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» microscopy and developmental biology

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image: Cloning Biologist Dies

Cloning Biologist Dies

By | October 12, 2012

Keith Campbell, a biologist who was part of the effort to clone Dolly the sheep, has passed away at the age of 58.

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image: “Alive” and In Focus

“Alive” and In Focus

By | October 1, 2012

Imaging viruses in action

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image: Home Cookin’

Home Cookin’

By | October 1, 2012

Laboratory-raised populations of dung beetles reveal a mother's extragenetic influence on the physiques of her sons.

2 Comments

image: The Sharper Image

The Sharper Image

By | October 1, 2012

Advances in light microscopy allow the mapping of cell migration during embryogenesis and capture dynamic processes at the cellular level.

1 Comment

image: Neglected Babies Develop Less Myelin

Neglected Babies Develop Less Myelin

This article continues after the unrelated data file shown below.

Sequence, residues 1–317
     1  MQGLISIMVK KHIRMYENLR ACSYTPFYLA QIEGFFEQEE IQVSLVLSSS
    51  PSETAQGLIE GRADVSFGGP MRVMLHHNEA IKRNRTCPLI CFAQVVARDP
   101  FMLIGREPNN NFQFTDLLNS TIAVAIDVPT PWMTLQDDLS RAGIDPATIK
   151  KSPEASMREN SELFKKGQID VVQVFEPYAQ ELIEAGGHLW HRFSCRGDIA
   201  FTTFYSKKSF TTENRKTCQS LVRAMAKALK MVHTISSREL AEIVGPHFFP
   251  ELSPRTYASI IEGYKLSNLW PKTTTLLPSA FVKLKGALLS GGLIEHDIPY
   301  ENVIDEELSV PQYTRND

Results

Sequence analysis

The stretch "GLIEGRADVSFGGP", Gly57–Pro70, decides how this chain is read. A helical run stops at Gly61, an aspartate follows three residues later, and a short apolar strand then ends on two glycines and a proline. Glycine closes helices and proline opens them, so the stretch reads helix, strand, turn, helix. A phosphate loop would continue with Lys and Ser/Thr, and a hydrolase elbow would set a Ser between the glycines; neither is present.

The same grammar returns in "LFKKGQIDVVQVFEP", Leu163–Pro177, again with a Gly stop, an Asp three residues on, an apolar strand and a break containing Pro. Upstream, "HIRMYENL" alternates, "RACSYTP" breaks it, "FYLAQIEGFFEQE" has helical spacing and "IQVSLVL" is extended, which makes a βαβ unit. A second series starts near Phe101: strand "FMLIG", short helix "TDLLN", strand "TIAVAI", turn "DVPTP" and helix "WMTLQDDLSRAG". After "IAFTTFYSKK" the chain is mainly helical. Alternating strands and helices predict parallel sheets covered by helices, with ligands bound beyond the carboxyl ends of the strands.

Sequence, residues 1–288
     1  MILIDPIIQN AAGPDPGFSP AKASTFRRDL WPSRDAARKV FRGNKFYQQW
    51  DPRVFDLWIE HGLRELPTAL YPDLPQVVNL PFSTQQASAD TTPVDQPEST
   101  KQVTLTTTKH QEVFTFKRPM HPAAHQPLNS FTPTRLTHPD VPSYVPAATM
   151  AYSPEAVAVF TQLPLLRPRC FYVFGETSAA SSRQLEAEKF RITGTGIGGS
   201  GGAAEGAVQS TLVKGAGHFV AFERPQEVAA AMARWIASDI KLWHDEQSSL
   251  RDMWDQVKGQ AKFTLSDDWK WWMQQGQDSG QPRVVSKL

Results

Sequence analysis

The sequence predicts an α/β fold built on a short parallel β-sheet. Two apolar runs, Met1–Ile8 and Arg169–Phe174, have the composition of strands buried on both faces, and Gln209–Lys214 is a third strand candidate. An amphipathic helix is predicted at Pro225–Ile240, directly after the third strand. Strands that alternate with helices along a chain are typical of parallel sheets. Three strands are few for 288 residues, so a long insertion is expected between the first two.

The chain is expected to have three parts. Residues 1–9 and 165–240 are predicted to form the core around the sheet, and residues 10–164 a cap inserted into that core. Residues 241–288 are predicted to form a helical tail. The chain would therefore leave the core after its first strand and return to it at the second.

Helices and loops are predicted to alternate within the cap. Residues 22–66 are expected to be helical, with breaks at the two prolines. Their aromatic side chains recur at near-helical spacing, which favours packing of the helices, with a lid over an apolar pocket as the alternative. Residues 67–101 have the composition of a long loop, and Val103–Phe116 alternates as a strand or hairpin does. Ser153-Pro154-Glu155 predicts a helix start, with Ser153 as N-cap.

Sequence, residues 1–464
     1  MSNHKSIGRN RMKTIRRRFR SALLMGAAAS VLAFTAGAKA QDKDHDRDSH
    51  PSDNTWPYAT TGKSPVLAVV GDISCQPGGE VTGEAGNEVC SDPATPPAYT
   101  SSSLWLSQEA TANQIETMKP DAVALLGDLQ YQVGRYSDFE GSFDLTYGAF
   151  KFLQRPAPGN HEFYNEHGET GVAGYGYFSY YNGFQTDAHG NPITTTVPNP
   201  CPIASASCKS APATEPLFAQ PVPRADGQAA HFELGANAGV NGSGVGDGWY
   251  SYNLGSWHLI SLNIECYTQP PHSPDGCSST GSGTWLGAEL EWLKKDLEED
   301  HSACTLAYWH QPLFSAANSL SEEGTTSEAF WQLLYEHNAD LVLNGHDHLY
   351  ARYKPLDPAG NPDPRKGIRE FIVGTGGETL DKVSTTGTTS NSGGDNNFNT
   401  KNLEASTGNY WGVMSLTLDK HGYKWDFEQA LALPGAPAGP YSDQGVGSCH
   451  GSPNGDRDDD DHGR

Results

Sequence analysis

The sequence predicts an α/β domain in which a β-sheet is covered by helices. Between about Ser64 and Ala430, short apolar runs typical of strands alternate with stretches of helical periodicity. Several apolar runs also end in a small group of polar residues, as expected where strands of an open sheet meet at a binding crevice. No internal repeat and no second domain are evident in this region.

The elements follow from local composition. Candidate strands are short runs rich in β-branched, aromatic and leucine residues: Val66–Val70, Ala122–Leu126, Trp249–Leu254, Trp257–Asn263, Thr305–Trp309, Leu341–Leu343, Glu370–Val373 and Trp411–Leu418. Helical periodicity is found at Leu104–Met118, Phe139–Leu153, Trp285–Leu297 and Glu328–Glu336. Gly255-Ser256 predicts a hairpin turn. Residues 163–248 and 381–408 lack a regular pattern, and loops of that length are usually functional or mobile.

By | September 17, 2012

Mice raised in isolation from their mothers developed cognitive deficits similar to those of babies raised in orphanages where physical contact is infrequent.

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image: Finding Injury

Finding Injury

By | September 1, 2012

The brain’s phagocytes follow an ATP bread trail laid down by calcium waves to the site of damage.

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image: Of Frogs and Embryos

Of Frogs and Embryos

By | September 1, 2012

Associate Professor in Molecular Cell & Developmental Biology at the University of Texas at Austin, John Wallingford, makes his living using cutting-edge microscopic techniques to watch developmental events unfold in real time.

4 Comments

image: Taking the Long View

Taking the Long View

By | September 1, 2012

In exploring how embryos take shape, John Wallingford has identified a key pathway involved in vertebrate development—and human disease.

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image: Lymphatic Lines

Lymphatic Lines

By | August 1, 2012

Lymphatic vessels grow towards two chemokines, revealing signals that could be important in cancer metastasis.

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image: Milling Magic

Milling Magic

By | August 1, 2012

Ion beams carve slices in frozen cells, giving biologists an interior view.

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